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FCA: Trial court cannot ignore taxpayer’s evidence without good reason

Federal Court of Appeal Reaffirms the Onus of Proof Rules in Tax Appeals

In the recent case of McMillan v. Canada, the Federal Court of Appeal has reaffirmed the onus of proof rules in tax appeals. While the rules were never particularly unsettled at the federal level, the somewhat anomalous decision of the British Columbia Court of Appeal in Northland Properties v. The Queen in Right of the Province of British Columbia, appeared to cast doubt on prior Federal Court of Appeal pronouncements as well as the decision of Justice L’Heureux-Dubé in Hickman Motors Ltd. v. Canada. In Northland, the B.C. Court of Appeal took issue with the concept, articulated by Justice L’Heureux-Dubé in Hickman, that the onus was on the taxpayer to “demolish” the assumptions pleaded by the Minister by means of raising a prima facie case at which point the burden shifts to the Minister to prove the assumptions on the balance of probabilities:

[29] Before us, counsel for the Crown made persuasive submissions on the issue of the so-called “prima facie” standard: L’Heureux-Dubé J.’s use of “prima facie” was made in the context of a case in which the Crown had not called any evidence whatsoever; it was relying solely on its assumptions. It is certainly possible in such circumstances that a prima facie case, or even one with “gaps”, would be sufficient to displace the Crown’s assumptions, but the prima facie standard described by Justice L’Heureux-Dubé should not be interpreted as having altered the usual standard of proof in tax cases: see the comments in Sekhon v. Canada, [1997] T.C.J. No. 1145 at para. 37; and Hallat v. The Queen (2000), [2001] 1 C.T.C. 2626 (F.C.A.).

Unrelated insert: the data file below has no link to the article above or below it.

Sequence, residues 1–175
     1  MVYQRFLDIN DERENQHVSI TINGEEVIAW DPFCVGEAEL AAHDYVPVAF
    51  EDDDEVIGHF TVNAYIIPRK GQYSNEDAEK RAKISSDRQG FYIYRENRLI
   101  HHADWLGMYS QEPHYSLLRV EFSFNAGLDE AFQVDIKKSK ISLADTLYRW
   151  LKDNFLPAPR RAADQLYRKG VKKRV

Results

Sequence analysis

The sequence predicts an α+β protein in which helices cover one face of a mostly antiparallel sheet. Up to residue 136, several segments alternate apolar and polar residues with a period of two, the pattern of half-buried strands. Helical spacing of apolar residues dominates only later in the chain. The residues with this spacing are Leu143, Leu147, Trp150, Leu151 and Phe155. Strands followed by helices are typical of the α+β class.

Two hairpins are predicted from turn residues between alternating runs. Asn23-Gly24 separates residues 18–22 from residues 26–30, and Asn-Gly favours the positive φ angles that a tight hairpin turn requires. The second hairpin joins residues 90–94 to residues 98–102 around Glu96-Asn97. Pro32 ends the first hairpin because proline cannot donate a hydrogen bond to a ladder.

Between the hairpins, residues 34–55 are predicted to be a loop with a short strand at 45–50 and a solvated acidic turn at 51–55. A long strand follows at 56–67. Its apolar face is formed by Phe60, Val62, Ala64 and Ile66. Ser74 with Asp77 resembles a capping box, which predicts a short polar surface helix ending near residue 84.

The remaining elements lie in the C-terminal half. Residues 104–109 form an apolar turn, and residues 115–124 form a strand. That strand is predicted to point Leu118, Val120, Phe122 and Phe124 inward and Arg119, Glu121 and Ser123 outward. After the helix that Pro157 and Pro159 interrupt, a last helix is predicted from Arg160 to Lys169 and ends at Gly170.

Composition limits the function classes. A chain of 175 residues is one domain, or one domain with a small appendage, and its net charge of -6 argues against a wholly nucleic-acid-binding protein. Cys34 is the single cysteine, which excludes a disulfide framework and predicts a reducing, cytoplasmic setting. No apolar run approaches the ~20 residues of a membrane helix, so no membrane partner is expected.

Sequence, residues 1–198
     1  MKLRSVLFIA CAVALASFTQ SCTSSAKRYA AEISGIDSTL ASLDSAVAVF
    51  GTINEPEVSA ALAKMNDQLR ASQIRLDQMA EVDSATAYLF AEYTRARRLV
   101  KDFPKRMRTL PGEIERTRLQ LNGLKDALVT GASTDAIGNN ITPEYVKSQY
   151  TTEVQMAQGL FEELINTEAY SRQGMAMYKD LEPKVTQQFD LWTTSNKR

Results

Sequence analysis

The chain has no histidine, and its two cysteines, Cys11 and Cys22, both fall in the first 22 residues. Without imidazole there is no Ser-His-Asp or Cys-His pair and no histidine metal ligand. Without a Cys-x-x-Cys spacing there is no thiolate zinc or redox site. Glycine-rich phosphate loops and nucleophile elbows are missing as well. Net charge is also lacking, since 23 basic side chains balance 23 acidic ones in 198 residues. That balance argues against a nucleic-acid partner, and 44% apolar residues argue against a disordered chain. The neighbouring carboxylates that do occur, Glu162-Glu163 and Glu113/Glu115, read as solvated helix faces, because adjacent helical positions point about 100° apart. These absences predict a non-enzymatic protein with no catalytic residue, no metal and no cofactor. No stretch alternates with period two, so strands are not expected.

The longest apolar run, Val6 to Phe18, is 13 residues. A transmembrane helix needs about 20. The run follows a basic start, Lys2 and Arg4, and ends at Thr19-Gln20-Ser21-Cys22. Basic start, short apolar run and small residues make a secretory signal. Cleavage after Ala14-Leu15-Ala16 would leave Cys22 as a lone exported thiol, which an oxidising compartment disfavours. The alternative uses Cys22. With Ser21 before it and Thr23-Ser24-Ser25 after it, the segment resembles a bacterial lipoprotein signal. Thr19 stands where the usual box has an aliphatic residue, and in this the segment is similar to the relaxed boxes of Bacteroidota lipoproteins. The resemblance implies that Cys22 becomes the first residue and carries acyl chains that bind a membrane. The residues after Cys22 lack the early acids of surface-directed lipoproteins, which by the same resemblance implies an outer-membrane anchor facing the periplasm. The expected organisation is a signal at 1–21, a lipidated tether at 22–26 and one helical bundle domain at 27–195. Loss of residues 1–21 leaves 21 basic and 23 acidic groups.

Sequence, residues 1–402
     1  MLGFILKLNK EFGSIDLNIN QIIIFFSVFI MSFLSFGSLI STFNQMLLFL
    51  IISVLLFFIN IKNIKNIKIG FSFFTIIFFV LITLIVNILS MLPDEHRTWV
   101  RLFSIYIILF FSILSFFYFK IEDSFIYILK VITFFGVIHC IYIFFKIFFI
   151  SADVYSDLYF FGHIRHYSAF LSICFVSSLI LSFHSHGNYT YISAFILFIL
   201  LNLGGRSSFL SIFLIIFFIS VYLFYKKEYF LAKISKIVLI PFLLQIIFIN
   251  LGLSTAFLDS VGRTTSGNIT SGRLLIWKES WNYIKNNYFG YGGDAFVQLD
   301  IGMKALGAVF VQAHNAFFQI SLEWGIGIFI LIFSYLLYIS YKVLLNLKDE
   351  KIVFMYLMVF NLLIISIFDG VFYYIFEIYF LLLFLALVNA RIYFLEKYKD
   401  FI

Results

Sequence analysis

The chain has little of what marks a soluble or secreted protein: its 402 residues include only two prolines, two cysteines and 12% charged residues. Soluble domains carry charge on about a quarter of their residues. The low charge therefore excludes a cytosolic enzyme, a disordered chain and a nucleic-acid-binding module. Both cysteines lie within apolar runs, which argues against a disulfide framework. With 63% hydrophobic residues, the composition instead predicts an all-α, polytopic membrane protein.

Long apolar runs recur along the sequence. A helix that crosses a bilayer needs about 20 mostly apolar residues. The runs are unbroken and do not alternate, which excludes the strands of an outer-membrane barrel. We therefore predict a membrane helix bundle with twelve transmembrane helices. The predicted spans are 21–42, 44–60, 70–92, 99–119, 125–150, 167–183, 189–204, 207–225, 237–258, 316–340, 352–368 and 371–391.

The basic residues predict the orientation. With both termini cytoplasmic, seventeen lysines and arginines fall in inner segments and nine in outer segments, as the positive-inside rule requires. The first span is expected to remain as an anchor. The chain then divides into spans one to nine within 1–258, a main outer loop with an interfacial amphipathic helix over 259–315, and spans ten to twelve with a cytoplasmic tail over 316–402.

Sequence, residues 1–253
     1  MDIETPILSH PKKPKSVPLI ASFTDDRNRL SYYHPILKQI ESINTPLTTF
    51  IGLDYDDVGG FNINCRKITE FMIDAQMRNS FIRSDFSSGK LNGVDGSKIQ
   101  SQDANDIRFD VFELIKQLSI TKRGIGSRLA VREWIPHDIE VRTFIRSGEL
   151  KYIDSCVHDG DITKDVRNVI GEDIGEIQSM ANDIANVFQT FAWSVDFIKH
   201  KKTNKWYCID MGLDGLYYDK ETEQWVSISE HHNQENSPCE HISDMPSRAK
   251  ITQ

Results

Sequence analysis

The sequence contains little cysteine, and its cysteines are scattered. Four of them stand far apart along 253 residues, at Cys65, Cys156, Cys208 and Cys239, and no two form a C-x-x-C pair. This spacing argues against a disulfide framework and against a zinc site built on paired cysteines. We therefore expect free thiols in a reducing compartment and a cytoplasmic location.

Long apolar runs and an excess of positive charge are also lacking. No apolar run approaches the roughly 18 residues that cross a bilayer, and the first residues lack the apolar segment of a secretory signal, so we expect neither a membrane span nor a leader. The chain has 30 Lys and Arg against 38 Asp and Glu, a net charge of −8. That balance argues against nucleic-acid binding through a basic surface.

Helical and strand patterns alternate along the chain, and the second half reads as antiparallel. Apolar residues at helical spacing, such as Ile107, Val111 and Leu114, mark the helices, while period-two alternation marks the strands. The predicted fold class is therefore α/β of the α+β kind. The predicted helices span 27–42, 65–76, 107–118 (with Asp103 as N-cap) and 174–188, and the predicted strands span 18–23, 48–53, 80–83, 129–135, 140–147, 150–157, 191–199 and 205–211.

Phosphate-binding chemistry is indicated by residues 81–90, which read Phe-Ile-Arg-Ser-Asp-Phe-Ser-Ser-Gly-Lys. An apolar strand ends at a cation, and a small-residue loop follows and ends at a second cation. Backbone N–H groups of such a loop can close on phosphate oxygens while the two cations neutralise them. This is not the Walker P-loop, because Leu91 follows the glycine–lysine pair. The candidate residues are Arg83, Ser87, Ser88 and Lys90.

The facts in McMillan are uncomplicated and not particularly interesting. The taxpayer had a business in the Dominican Republic and claimed a number of expenses in connection with that business. The Tax Court denied most of the expenses claimed on the basis that they were not proven by the taxpayer. The taxpayer appealed to the Federal Court of Appeal and her appeal was dismissed on the basis that she did not demonstrate any material error on the part of the Tax Court judge.

The interesting part of the decision is the Federal Court of Appeal’s articulation of the rules relating to onus of proof in tax appeals:

[7] Before concluding these reasons, we note that the appellant did not raise in her memorandum of fact and law any issue with respect to the Judge’s statement at paragraph 19 of the reasons, and repeated at paragraph 21, that the appellant “has the initial onus of proving on a balance of probabilities (i.e. that it is more likely than not), that any of the assumptions that were made by the Minister in assessing (or reassessing) the Appellant with which the Appellant does not agree, are not correct.” In our respectful view, it is settled law that the initial onus on an appellant taxpayer is to “demolish” the Minister’s assumptions in the assessment. This initial onus of “demolishing” the Minister’s assumptions is met where the taxpayer makes out at least a prima facie case. Once the taxpayer shows a prima facie case, the burden is on the Minister to prove, on a balance of probabilities, that the assumptions were correct (Hickman Motors Ltd. v. Canada, [1997] 2 S.C.R. 336 at paragraphs 92 to 94; House v. Canada, 2011 FCA 234, 422 N.R. 144 at paragraph 30).

Thus, the Federal Court of Appeal has once again embraced the prima facie standard as the test that must be met by a taxpayer to displace or demolish assumptions pleaded by the Minister. While there may be a different standard applicable in provincial tax appeals in British Columbia, the reaffirmation of the prima facie standard by the Federal Court of Appeal is welcome news in federal tax appeals.

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Federal Court of Appeal Reaffirms the Onus of Proof Rules in Tax Appeals